When someone breaks up with a boyfriend or girlfriend, he or she sometimes says, “It’s not you. It’s me.”
Well, when it comes to white people who want America to be “English-only” going ballistic because Spanish is spoken in their presence, I hope those folks are clear about who is the problem. It’s most certainly not us. It’s definitely you.
The person with the problem is the angry white man who was recently caught on video insulting and threatening two women for speaking Spanish at a New York restaurant. Aaron Schlossberg threatened to call Immigration and Customs Enforcement on them because, he said, he didn’t want to hear Spanish spoken.
He shouted: “Every person I listen to — he’s speaking it, she’s speaking it. This is America!” When confronted by a manager, the man continued his tirade, saying, “Your clients and your staff are speaking Spanish to staff when they should be speaking English. My guess is they’re undocumented, so my next call is to ICE to have each one of them taken out of my country. I pay for their welfare. I pay for their ability to be here.”
The man was thrown out of the restaurant.
The people with the problem are the folks who run a grocery store in San Diego that, according to officials with the U.S. Equal Employment Opportunity Commission (EEOC), recently subjected Hispanic employees to “harassment” and “a hostile work environment by implementing a no-Spanish language policy.”
The EEOC filed a lawsuit alleging store managers at Albertsons publicly reprimanded Hispanic employees for speaking Spanish. The workers were prohibited from speaking Spanish around non-Spanish speakers — even during breaks or when talking to Spanish-speaking customers, the lawsuit charged. Employees complained about the language ban but nothing was done.
Albertsons — one of the largest food and drug retailers in the U.S., employing about 280,000 people in 35 states — had no comment on the lawsuit, but said in a statement that it has no formal policy requiring employees to only speak English.
In fact, the statement said, “Albertsons serves a diverse customer population and encourages employees with foreign language abilities to use those skills to serve its customers.”
What is going on? Where is this anti-Spanish bigotry and hostility coming from? And why is it rearing its ugly head now?
Part of the blame goes to conservative talk radio, Fox News and President Trump — all of whom trade regularly on fear of immigrants to push their respective agendas.
From the sound of it, the fearmongers are especially rattled by brown-skinned, Spanish-speaking immigrants from Mexico and the rest of Latin America. That’s because, while they don’t know much about immigration from that part of the world and the positive contribution it makes to the United States, they do seem to understand the concept of changing demographics.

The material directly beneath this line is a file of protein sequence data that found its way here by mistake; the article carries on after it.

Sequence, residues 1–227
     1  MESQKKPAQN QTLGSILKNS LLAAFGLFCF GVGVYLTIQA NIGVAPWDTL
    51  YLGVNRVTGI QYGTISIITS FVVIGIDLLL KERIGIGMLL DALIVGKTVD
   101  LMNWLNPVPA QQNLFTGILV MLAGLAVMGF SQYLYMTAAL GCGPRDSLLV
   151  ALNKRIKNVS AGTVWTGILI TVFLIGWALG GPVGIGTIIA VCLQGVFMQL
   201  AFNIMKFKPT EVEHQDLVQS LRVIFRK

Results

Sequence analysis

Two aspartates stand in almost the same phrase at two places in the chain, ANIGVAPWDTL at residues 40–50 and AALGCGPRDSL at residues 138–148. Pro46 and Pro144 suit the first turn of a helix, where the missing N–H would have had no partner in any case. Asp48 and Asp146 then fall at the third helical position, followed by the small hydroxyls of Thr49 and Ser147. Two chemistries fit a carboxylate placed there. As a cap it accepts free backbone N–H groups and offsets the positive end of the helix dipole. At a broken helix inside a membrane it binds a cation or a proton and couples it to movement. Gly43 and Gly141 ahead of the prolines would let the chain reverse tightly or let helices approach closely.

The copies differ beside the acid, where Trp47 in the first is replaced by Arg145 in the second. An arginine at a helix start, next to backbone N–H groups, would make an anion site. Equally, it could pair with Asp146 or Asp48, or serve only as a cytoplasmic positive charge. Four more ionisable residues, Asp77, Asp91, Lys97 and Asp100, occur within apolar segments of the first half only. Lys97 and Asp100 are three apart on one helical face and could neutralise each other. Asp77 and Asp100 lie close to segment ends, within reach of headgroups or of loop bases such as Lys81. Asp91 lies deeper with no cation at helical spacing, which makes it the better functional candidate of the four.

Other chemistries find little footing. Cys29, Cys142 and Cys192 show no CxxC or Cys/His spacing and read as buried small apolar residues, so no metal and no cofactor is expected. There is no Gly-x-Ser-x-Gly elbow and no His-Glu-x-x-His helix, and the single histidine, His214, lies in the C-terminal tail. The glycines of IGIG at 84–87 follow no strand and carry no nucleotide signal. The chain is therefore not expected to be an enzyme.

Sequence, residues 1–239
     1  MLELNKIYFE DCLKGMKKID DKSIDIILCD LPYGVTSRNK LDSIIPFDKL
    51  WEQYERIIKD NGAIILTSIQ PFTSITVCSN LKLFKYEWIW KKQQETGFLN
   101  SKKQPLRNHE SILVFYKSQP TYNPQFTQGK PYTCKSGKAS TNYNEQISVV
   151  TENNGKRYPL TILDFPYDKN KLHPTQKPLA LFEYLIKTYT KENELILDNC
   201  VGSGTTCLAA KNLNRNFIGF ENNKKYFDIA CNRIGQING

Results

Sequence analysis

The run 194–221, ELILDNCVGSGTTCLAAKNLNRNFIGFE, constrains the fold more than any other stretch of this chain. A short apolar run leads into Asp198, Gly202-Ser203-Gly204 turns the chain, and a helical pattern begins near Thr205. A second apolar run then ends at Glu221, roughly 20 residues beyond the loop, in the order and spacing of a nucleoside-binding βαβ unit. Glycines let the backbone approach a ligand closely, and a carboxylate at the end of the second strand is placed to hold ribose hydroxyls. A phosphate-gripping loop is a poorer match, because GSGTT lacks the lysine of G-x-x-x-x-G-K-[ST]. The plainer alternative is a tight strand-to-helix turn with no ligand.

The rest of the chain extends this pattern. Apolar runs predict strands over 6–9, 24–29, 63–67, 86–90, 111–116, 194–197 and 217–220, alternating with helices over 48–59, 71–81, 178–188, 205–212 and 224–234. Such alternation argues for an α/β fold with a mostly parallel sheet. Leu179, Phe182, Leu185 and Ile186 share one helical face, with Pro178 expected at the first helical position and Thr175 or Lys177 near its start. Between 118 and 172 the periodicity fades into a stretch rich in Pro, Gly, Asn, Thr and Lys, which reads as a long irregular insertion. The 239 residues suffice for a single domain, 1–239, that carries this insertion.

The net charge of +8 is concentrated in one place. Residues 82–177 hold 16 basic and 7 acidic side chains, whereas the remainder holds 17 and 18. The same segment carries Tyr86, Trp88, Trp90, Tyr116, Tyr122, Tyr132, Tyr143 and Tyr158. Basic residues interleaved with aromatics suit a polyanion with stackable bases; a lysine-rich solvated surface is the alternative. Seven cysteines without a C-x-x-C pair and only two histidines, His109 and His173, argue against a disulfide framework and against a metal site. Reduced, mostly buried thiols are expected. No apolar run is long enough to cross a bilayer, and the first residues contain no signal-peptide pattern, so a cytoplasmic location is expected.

With Latinos expected to make up 30 percent of the U.S. population by 2050, many whites are feeling pushed aside by something that sociologists call cultural displacement. Simply put, some white people are panicked that the world their grandchildren will live in will bear not even a passing resemblance to the one in which they grew up.
And one cultural indicator is language. Certainly, English doesn’t exactly need a life raft. It’s more than holding its own in the United States against, let’s see, German, Italian, Chinese, Portuguese, French and, yes, even Spanish.
Americans have been hassling one another over language since the mid-1770s, when German immigrants settled in Pennsylvania.
The new arrivals promptly got crossways with Benjamin Franklin because — at least in the first generation — they held on to the German language, even printing newspapers in German, which really rubbed Franklin the wrong way, since he was a newspaper publisher in his own right.
In fact, it’s worth noting that the nation’s first English-only laws had nothing to do with Spanish. They were aimed at punishing and marginalizing German immigrants who, Franklin warned his fellow Englishmen, would “establish their language and manners to the exclusion of ours” and “soon be so numerous as to Germanize us instead of our Anglifying them.”
So how did that turn out? You could ask the German-American descendants of those early German immigrants. But if so, make sure you ask in English. After all, it’s a safe bet that not many of them speak a word of German.
One thing I hear a lot is that the proponents of English-only are afraid that, when someone is speaking Spanish, that someone is talking about them.
You caught us. You’re right. Most of the time, we are talking about you.
And, given how you’re behaving, it’s just as well that you don’t understand. Because we don’t have a lot of nice things to say.
Ruben Navarrette, a contributing editor to Angelus News, is a syndicated columnist with The Washington Post Writers Group, a contributor to USA Today and the Daily Beast, author of “A Darker Shade of Crimson: Odyssey of a Harvard Chicano” and the host of the podcast “Navarrette Nation.”
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